Preserved and protected sites are recreational destinations

  • The Von Dy Rowe ½ Acre Conservation Area off North Orange Road is an ideal spot for picnic or for launching a kayak or canoe. Athol Daily News/Kathy Chaisson

  • The Minnie French Conservation Area off Benton Place was named for a local conservationist who helped create the area. —Athol Daily News/Kathy Chaisson

  • The Athol Conservation Commission manages several town-owned properties throughout Athol. —Athol Daily News/Kathy Chaisson

  • The kiosk at the trailhead to the South Athol Conservation Area was built by local Eagle Scouts. Athol Daily News/Kathy Chaisson

  • The Charles Comstock Conservation Area off Byrd Avenue is a 45-acre tract of riverfront land that attracts numerous bird species that feed along the Tully River. Athol Daily News/Kathy Chaisson

  • A Viceroy butterfly, which is often mistaken for a monarch butterfly, was spotted by Conservation Commission member Dave Small at the Bearsden Conservation Area earlier this week. DaveSmall—David Small

Staff Writer
Published: 8/14/2019 9:50:19 PM

ATHOL – Just a few miles away from the aromatic sweet ferns and towers of pitch pines found in the Bearsden Conservation Area are seven additional preserved and protected sites within the town’s borders, each presenting a distinct landscape.

These town-owned properties, managed by the Athol Conservation Commission, are easy to find recreation destinations open to the public.

West of the North Quabbin Common traffic lights off South Royalston Road is Newton Reservoir, a former public water supply that ran from 1904 to 2000. The reservoir provides an excellent spot for fishing and is a favorite for ice fishermen who seek bass, pickerel and perch. A shelter at Buckman Brook on the bank of the Millers River may be reserved for overnight stays. In 2018, there were 45 nights reserved at the shelter by residents of the North Quabbin region, other Massachusetts towns and some from out-of-state.

The Minnie French Conservation Area is located off Chestnut Hill Avenue at Benton Place. Minnie French, whose former home abuts the property, was a member of the Athol Bird and Nature Club who helped create the area. Trails inside the 14-acre parcel lead to the Millers River Wildlife Management Area and South Royalston and is home to a variety of bird species.

The Cass Meadow Conservation Area is accessible at the intersection of Pequoig and Pinedale Avenue. Cass Meadow North, once the site of the 5th Massachusetts Turnpike linking Leominster to Northfield and connecting to Brattleboro, Vt. and Boston, is a habitat for wildflowers, grasses and wildlife. The Massachusetts Division of Fisheries and Wildlife owns 36 acres of the property and 8.5 abutting acres are town-owned with three town wells located on the flats.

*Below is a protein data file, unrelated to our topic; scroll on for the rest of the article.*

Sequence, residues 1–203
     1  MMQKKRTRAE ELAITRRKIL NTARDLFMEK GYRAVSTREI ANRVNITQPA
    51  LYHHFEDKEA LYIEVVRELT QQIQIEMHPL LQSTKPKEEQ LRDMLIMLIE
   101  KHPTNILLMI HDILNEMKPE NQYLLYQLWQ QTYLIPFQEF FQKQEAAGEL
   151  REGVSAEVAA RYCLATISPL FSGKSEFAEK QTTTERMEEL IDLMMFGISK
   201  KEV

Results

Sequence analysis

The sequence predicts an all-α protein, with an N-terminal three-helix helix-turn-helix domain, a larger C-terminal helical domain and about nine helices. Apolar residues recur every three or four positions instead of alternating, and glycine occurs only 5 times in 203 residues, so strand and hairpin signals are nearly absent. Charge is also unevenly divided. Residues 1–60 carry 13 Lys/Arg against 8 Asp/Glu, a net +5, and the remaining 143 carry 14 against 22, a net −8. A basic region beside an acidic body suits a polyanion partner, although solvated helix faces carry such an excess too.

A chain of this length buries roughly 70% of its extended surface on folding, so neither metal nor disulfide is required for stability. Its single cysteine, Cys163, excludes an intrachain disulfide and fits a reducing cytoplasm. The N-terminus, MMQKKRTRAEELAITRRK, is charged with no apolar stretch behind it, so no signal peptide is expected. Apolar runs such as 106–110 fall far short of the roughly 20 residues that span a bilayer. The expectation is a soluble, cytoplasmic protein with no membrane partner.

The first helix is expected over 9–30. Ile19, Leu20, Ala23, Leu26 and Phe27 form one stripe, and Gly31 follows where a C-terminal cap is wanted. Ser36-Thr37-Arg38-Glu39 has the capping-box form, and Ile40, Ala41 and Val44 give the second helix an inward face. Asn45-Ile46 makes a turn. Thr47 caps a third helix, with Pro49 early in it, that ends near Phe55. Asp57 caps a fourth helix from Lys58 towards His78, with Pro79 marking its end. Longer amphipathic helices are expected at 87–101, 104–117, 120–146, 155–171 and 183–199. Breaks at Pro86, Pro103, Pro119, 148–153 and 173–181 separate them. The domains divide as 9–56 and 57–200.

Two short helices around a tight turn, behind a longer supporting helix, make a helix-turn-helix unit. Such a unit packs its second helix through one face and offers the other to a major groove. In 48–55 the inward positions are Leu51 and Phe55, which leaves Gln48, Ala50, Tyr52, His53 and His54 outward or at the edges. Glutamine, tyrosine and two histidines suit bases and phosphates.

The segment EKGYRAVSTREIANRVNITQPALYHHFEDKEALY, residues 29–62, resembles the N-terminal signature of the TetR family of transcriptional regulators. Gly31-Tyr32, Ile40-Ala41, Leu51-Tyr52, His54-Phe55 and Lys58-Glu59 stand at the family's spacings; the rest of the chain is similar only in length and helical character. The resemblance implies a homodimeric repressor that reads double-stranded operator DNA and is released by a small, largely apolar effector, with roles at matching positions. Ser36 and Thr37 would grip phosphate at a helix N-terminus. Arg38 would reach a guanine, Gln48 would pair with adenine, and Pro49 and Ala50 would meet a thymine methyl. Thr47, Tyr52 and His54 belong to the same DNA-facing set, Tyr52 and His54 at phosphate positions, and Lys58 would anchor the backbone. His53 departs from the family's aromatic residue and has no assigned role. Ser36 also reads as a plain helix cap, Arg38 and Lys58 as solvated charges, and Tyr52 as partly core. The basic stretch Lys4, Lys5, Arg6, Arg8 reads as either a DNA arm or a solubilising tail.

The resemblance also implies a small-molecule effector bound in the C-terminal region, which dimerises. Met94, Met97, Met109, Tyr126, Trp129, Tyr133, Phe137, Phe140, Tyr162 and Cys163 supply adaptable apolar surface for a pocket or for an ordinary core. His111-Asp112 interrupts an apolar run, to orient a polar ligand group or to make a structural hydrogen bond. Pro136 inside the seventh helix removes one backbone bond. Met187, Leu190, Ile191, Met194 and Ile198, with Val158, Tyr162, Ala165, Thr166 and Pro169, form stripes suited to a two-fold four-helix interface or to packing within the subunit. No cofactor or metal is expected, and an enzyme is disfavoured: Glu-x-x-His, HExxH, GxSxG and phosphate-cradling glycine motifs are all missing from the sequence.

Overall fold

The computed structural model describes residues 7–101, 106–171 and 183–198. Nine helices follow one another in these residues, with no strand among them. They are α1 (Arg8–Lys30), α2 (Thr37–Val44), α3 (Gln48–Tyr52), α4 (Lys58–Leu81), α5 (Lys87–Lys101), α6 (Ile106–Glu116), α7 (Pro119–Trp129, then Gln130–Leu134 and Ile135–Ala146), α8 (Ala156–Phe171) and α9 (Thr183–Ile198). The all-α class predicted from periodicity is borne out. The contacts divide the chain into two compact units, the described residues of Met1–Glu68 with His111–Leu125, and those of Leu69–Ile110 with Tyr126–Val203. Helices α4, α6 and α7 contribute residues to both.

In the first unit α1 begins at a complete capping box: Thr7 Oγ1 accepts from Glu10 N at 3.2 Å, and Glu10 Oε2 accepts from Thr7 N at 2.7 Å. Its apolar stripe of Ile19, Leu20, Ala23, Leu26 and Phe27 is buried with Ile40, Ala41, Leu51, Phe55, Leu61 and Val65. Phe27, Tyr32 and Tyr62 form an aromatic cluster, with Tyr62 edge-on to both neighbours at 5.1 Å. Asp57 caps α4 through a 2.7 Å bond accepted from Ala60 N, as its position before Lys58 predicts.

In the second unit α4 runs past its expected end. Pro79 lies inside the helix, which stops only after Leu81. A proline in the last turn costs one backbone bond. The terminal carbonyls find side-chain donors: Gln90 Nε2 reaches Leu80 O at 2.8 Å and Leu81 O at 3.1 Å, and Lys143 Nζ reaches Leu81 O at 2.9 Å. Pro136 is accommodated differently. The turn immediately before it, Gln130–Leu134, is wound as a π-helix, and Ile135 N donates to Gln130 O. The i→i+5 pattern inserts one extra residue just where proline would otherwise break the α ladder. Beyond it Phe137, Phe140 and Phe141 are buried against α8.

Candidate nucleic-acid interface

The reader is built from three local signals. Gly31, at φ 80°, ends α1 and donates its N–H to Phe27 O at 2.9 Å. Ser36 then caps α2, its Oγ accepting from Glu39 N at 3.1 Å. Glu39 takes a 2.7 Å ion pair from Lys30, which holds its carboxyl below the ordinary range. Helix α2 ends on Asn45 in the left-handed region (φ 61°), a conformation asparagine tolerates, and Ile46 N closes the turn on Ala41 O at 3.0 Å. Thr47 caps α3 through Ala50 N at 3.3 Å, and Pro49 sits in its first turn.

The 10-acre Cass Meadow South consists of floodplains along the Millers River. The southern end is known as the starting point of the annual Athol to Orange River Rat Race. The property is owned by the Massachusetts Division of Fisheries and Wildlife, the Town of Athol and a private landowner. A boat launch on MDFW waterfront is accessible through the Alan E. Rich Environmental Park off South Main Street.

The Von Dy Rowe ½ Acre Conservation Area on North Orange Road was once part of the 5th Massachusetts Turnpike. A curved pathway bordered by high flowered bushes leads to a setting ideal for a picnic with a view of the Tully River, and an inviting spot to launch a kayak or canoe. Within sight is the confluence of the Tully River and the Millers River. According to conservation agent Dave Small, there are plans to add signage.

The Charles Comstock Conservation Area is named after the longtime Conservation Commission member described by Small as a “super-knowledgeable” woodsman. The 45-acre property known locally as “The Pines” is accessible at Byrd Avenue and has a trail that leads to Lenox Street extension along the Tully River. A bluff overlooks the river and is a popular site for brook trout fishing.

The newest property established three years ago is the South Athol Conservation Area combining 200 acres of land between South Athol Road and White Pond Road originally owned by the Stoddard and LeBlanc families. Part of the former Rabbit Run Railroad that went from Athol to Springfield passes through the area with an old cart road running east/west leading to it. Small said there is interest in resurrecting a hiking trail along Rabbit Run and that trails are still being worked on to connect from White Pond Road.

For more information about these sites, visit http://www.athol-ma.gov/parks-trails.


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